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Accepted Paper:

Sacred lives: Harm Reduction and Biolegitimacy in the times of COVID-19  

Authors:

Catherine Larocque (University of Ottawa)
Thomas Foth (University of Ottawa)

Paper short abstract:

Harm Reduction approaches are situated between two poles: biopolitical and humanitarian. The former transforms people who use drugs into responsible risk-averse citizens; the latter reconceptualizes them from criminals to suffering beings who achieve legitimization due to their biologic condition.

Paper long abstract:

Historically, policy surrounding illicit substance use focused heavily on criminalization, an approach which has been under scrutiny since the 1980s with the advent of the Harm Reduction (HR) movement as part of Thatcher’s New Public Health in GB. Traditionally seen as criminals, the HR movement construed PWUD as individuals engaging in risky health behaviour who can make the responsible choice to live “healthier” lives without abstinence. Meanwhile, HR has become an important approach for governing at risk populations by targeting the mortality and morbidity of these populations, which foregrounds the physical and biological existence of PWUD and precludes questioning the underlying causes of increased substance use in our societies. Simultaneously, HR promotes a human rights platform thereby conceptualizing life as a supreme good that justifies every action undertaken in its name. With Fassin’s (2019) concept of biolegitimacy we will demonstrate that HR perpetuates a hierarchy of lives as the COVID-19 pandemic makes explicit. Despite living in biopolitical societies, the pandemic systematically worsened the exaggerated vulnerability and precarity of expendable groups such as PWUD. What is most striking about HR is that PWUD are only intelligible as suffering beings in need of help to physically survive. Paradoxically, it is the use of drugs itself, and therefore the increased risk of death from overdose or infection from unhygienic consumption practices that becomes the only venue for PWUD to achieve limited forms of visibility and to make claims in the name of the sacredness of life.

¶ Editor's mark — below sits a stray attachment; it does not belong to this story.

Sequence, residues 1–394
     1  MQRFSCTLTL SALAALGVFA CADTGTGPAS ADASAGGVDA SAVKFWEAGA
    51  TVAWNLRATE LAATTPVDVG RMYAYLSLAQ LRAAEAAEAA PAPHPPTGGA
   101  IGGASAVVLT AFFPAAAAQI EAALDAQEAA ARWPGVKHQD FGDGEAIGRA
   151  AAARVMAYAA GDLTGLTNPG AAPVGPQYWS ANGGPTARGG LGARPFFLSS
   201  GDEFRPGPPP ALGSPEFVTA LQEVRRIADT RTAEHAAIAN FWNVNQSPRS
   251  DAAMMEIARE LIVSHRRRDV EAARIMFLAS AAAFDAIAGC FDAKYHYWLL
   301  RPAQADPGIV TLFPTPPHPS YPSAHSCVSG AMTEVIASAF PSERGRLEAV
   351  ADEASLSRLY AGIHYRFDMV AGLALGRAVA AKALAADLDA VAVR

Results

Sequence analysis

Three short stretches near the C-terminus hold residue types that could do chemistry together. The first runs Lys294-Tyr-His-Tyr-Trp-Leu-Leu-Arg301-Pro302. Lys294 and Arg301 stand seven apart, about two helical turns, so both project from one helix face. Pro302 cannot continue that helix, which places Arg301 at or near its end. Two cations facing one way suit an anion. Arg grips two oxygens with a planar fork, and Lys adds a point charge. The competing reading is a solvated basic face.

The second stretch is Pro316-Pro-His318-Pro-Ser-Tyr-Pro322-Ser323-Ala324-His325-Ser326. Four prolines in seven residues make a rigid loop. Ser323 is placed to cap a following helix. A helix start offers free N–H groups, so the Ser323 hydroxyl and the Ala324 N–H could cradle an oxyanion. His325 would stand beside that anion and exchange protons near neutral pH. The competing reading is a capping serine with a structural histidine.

Panel Heal12
Responsible citizen, responsible addict - substance use, harm reduction and the politics of responsibility